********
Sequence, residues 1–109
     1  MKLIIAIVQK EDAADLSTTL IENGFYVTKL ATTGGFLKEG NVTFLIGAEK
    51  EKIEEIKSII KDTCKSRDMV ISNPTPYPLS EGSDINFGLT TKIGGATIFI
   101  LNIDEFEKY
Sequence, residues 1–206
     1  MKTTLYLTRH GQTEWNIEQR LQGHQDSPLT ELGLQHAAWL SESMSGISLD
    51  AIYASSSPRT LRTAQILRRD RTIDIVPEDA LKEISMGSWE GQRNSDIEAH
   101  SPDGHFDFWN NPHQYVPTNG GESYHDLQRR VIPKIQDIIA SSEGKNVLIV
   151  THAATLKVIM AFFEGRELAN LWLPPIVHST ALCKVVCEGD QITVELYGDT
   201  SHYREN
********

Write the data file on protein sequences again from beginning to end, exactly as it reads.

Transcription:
Sequence, residues 1–109
     1  MKLIIAIVQK EDAADLSTTL IENGFYVTKL ATTGGFLKEG NVTFLIGAEK
    51  EKIEEIKSII KDTCKSRDMV ISNPTPYPLS EGSDINFGLT TKIGGATIFI
   101  LNIDEFEKY
Sequence, residues 1–206
     1  MKTTLYLTRH GQTEWNIEQR LQGHQDSPLT ELGLQHAAWL SESMSGISLD
    51  AIYASSSPRT LRTAQILRRD RTIDIVPEDA LKEISMGSWE GQRNSDIEAH
   101  SPDGHFDFWN NPHQYVPTNG GESYHDLQRR VIPKIQDIIA SSEGKNVLIV
   151  THAATLKVIM AFFEGRELAN LWLPPIVHST ALCKVVCEGD QITVELYGDT
   201  SHYREN